Movie review: The Lego Ninjago Movie

The latest outing of the series based on plastic bricks stars Jackie Chan

The Lego Ninjago Movie
Directed by Charlie Bean, Paul Fisher, Bob Logan
With (English version voices) Dave Franco, Justin Theroux, Fred Armisen, Abbi Jacobson, Olivia Munn, Kumail Nanjiani, Michael Peña, Zach Woods, Jackie Chan

The series of films based on Lego toys has surprisingly proven to be rather decent, despite being at it heart little more then lengthy advertisements for sets of plastic blocks.

The latest entry, The Lego Ninjago Movie, uses Asian-themed characters in a typical martial arts plot. It does not have the same multigenerational appeal as The Lego Batman Movie, but contains just enough to keep parents entertained while accompanying their kids.

Unlike the Batman film, this new entry is based entirely on Lego original characters. There are not as many outside cultural references to riff off of. But the filmmakers manage to bring in bits of classic samurai and martial arts films and even throw in a few flashing images of Bruce Lee.

A big plus is the appearance of global superstar Jackie Chan in a live-cation framing story at the beginning and end. His voice is also in the main part of the animated main section, at least in the English version.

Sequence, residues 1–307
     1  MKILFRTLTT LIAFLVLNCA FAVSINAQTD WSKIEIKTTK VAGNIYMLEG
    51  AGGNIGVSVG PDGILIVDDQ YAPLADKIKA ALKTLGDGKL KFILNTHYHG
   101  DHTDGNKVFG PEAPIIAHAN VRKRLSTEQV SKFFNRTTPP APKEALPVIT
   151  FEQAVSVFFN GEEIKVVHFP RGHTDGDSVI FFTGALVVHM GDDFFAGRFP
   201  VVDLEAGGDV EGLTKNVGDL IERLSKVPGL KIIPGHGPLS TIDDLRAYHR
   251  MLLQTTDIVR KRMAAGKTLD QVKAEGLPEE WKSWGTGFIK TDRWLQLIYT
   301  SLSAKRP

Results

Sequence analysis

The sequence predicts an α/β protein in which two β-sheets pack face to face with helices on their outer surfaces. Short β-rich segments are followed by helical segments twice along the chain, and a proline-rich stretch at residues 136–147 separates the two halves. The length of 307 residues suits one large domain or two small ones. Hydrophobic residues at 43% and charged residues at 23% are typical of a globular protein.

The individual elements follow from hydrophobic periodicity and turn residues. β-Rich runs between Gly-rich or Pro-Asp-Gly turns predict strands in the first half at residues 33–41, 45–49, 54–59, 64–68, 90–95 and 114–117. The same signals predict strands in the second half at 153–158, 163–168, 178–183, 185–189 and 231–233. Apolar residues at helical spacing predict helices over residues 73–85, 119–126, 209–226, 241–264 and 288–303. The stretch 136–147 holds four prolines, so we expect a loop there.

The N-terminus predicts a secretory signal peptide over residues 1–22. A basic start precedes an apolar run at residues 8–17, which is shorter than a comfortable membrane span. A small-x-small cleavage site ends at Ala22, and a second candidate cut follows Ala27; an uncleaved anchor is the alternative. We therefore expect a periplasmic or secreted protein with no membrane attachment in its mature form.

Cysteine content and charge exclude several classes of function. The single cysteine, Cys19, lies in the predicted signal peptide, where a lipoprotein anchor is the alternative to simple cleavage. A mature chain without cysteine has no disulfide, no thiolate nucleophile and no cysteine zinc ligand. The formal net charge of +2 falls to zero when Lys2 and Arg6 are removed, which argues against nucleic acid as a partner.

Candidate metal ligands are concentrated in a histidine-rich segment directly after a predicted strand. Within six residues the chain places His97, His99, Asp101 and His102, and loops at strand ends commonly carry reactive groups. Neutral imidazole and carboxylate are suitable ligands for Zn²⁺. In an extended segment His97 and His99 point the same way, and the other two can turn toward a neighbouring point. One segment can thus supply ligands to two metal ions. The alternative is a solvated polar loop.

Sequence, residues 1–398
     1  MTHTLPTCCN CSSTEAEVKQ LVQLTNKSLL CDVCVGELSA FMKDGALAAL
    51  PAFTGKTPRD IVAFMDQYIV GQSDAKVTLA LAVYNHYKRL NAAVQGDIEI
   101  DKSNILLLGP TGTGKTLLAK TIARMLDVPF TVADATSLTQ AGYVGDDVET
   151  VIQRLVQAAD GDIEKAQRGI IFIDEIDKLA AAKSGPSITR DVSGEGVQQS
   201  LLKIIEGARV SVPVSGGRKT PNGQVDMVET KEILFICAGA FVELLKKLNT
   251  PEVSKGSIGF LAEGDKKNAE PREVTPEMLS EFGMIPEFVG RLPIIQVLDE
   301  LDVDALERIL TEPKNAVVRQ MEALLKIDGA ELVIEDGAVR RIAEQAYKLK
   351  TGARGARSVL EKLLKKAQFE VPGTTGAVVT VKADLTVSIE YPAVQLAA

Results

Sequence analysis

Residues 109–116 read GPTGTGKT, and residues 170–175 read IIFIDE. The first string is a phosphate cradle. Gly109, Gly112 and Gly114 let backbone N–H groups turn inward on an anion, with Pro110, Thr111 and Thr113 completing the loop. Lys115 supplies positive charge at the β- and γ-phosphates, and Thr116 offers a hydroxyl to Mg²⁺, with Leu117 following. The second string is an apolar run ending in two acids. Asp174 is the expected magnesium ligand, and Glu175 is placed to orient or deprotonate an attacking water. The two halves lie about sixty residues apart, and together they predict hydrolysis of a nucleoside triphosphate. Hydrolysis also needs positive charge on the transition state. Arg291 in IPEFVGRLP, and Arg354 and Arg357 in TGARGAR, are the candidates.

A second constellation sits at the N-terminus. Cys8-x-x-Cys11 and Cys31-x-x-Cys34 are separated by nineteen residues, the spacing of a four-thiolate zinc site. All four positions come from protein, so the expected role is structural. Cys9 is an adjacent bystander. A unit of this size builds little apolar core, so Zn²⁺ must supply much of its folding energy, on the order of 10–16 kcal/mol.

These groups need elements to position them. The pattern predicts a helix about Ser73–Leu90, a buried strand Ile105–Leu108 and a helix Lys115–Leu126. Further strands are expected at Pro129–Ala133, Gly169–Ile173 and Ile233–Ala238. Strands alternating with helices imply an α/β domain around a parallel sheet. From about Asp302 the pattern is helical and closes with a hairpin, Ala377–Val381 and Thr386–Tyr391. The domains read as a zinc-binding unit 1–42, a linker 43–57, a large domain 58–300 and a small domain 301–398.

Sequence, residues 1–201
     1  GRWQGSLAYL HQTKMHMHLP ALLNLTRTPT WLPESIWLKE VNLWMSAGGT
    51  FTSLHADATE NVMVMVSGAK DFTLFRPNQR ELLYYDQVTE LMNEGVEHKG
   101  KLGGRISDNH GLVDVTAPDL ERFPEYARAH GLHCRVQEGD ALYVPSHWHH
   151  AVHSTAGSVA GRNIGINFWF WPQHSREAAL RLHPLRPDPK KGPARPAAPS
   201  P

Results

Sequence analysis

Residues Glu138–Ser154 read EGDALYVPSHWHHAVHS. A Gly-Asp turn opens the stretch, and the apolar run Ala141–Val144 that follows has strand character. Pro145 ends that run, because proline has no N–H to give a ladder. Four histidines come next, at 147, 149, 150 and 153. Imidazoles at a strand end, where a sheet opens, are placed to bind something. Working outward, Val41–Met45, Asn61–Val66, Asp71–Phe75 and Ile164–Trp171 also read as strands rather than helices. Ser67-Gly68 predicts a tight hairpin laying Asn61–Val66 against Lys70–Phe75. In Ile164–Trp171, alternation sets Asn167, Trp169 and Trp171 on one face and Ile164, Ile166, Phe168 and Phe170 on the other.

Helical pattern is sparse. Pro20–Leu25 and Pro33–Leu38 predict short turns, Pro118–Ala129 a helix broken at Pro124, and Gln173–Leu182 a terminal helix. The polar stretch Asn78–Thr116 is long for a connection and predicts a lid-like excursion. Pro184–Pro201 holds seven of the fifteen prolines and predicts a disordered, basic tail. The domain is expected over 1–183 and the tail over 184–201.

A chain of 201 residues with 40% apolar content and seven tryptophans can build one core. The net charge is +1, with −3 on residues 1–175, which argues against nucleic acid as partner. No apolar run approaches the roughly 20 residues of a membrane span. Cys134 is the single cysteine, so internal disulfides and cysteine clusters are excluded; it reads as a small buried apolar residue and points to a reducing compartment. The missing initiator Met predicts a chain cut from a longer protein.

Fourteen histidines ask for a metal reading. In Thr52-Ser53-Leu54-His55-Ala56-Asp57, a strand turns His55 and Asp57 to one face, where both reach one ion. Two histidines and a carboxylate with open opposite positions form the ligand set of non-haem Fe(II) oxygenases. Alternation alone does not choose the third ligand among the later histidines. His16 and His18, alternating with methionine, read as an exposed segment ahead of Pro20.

The animated part moves at a brisk pace, running through several genres such as the high school film, with nerds bullied by the cool kids, then through giant monster films, jungle adventure, haunted houses and so on.

The script is rather free form, capturing the feeling kids making something up as it goes along and using various stray items to boost the plot. A laser pointer and a real cat even invade the story, to rather hilarious effect.

There is a main theme of family ties, and that helps to create a compelling plot based on setting aside old grudges and coming together.

Some people might see a bit of a Star Wars element, as the evil Lord Garmadon is clad in black like Darth Vader, and his son fights against him to preserve what is right. A wise old fighter, Master Wu, is a bit like Yoda, trying to teach the proper path.

There is also a bit of the feeling of the Transformer series, with the Lego characters flying around in giant vehicles that keep changing shape. At least, though, The Lego Ninjago Movie is better than the last Transformer outing.

The film has a lot of tongue-in-cheek humor, with the Lego bricks being used for all sorts of purposes as mayhem ensues on the fictional island of Ninjago and its main city.

But the story remains squarely aimed at little ones who want to see giant Lego sets be destroyed. For its credit, the film does more than just blow things up. It offers lots of positive messages in an overall palatable package of action and teamwork. It captures a sense of harmless fun and does not belabor its moral messages too much.

But unless you have kids or are a huge Jackie Chan fan, The Lego Ninjago Movie isn't a must see film. But it is very high quality for what it tries to do, which is sell a set of custom building blocks.

Most projections in Prague are dubbed, though some are in the original English. Check listings.

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